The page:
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Accelerating Synthetic Biology Using Picodroplets

An interview with Xin Li, Associate Director of Science at Sphere Fluidics




Using ESI-Mine™, researchers can now sort and analyze up to 200,000 samples a day. Providing an ultra-high-throughput mass spectrometry screening method to transform synthetic biology workflows.

In this blog post, we spoke with Dr. Xin Li, Associate Director of Science at Sphere Fluidics, to explore how picodroplet technology can overcome the current synthetic biology workflow challenges. We also discussed some of his latest R&D work at Sphere Fluidics.



Overcoming challenges in Synthetic Biology workflows

Mass spectrometry (MS) is a powerful, routine detection method for identifying compounds and analyzing their structure and reactivity and for the qualitative and quantitative analysis of various compounds. However, its screening throughput (5,000 – 15,000 samples per day) is currently a significant bottleneck in the field of synthetic biology research.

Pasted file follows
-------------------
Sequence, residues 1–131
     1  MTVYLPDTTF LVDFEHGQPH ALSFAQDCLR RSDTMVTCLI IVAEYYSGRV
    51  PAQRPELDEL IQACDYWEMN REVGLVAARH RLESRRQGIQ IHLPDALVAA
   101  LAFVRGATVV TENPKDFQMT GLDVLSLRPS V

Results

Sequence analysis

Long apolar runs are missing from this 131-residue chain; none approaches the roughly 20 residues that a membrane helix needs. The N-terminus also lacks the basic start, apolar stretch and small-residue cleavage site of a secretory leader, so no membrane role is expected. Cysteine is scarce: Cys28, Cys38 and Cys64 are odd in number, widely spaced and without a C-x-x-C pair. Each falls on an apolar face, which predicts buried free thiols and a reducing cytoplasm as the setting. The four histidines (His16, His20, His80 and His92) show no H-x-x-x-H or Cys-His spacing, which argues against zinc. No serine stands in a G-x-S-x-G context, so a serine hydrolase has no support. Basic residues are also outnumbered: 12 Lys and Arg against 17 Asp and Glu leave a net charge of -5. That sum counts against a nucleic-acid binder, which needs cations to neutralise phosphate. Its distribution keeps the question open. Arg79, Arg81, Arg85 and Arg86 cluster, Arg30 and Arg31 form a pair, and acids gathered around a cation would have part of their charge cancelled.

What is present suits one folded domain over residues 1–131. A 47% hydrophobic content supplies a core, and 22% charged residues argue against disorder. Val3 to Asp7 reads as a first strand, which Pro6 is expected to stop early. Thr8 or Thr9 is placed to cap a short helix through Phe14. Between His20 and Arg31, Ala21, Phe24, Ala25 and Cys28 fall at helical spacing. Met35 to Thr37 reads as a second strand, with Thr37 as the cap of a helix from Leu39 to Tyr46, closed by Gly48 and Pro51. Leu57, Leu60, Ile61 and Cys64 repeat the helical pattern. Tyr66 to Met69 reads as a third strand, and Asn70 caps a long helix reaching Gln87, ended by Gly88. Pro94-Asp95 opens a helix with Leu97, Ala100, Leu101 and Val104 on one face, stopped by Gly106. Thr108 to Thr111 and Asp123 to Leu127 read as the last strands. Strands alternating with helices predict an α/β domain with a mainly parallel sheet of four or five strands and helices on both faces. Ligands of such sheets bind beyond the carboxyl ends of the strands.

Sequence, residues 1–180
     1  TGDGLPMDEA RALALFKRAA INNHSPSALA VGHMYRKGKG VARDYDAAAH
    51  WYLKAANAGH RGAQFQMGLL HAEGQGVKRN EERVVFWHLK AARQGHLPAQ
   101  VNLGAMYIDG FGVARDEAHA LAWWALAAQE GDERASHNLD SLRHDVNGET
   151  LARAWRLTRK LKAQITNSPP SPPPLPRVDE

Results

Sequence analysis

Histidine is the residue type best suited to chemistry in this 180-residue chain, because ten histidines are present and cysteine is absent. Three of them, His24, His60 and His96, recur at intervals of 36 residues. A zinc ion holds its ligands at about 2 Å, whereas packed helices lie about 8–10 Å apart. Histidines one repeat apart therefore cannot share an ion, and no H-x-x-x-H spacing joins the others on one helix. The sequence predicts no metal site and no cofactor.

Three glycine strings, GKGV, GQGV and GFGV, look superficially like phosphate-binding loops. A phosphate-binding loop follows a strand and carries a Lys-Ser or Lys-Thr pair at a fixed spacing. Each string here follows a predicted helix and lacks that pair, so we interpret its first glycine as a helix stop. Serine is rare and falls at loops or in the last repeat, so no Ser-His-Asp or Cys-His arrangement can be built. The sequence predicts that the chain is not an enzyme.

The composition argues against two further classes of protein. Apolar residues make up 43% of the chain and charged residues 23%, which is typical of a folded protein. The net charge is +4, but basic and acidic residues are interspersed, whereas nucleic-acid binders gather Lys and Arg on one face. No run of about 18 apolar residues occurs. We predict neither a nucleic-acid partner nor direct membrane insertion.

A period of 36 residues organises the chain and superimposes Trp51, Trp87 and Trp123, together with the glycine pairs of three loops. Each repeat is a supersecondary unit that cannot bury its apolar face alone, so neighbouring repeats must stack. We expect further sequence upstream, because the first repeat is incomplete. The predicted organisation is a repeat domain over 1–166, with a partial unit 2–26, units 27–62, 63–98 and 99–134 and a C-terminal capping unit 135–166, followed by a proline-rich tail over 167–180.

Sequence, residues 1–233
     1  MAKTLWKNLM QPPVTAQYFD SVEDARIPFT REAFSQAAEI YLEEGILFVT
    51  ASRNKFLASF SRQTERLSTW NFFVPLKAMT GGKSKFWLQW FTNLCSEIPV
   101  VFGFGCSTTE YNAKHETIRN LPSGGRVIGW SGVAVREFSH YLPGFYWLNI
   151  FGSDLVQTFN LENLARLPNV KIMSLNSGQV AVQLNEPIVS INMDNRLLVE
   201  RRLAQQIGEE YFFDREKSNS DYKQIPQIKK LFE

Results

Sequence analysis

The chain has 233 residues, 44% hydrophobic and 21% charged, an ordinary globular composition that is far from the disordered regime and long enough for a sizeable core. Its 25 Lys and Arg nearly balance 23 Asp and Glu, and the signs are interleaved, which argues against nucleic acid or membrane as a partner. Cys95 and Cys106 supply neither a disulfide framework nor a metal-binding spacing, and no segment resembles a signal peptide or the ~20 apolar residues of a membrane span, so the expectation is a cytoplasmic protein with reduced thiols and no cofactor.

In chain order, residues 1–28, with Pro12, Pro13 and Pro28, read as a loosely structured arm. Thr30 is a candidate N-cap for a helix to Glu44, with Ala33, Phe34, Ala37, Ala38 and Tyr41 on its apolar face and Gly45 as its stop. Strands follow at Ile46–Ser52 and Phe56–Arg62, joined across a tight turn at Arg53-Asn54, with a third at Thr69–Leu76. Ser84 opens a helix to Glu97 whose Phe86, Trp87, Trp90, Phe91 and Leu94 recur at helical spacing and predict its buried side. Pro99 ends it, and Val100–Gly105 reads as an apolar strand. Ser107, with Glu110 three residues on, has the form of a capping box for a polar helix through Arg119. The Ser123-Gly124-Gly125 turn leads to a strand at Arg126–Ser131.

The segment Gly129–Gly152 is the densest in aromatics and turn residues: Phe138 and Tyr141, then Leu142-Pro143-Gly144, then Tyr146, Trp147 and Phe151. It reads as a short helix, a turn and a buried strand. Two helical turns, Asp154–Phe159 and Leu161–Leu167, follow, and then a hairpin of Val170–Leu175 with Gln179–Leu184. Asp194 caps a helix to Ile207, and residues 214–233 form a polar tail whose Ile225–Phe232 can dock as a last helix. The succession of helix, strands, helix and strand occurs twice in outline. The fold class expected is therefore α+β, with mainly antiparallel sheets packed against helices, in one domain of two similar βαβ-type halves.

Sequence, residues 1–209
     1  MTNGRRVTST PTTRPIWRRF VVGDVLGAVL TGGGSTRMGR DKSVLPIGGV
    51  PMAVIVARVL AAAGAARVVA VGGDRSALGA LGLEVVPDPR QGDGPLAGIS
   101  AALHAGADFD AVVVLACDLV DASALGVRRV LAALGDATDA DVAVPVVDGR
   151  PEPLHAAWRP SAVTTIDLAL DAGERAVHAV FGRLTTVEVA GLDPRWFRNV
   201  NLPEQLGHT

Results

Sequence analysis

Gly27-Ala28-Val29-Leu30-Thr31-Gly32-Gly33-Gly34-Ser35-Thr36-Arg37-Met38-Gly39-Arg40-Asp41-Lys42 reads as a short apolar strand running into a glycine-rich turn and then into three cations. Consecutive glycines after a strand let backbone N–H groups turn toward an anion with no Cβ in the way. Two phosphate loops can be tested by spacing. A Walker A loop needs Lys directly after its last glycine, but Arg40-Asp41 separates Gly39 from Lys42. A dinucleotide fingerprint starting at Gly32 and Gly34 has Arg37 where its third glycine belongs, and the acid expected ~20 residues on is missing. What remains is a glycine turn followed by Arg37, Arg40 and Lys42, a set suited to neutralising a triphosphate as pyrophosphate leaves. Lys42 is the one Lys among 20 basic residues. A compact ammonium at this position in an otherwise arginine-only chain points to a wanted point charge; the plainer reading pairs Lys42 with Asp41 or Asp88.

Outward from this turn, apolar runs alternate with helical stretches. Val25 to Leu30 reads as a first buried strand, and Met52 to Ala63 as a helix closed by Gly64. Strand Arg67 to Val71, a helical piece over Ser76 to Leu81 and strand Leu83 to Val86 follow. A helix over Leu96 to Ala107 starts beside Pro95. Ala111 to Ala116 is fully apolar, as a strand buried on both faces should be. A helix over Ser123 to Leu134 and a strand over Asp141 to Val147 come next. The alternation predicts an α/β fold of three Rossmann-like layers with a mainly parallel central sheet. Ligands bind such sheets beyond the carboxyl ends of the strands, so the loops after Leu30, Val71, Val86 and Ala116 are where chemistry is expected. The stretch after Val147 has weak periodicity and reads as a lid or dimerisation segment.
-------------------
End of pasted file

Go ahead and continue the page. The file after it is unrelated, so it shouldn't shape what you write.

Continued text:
Analyzing engineered cell libraries using traditional plate-based approaches remains incredibly time-consuming although recent advances have greatly improved the screening throughput. For example, Agilent RapidFire 400 can run one cycle of sample injection per 8 seconds. Another example is acoustic droplet ejection (ADE) technology assisted sampling and ionization developed by Labcyte Inc, which is now part of Beckman Coulter Life Sciences, that has an MS analyzing power of 1-2 samples per second reaching to a screening throughput 100,000 samples per day.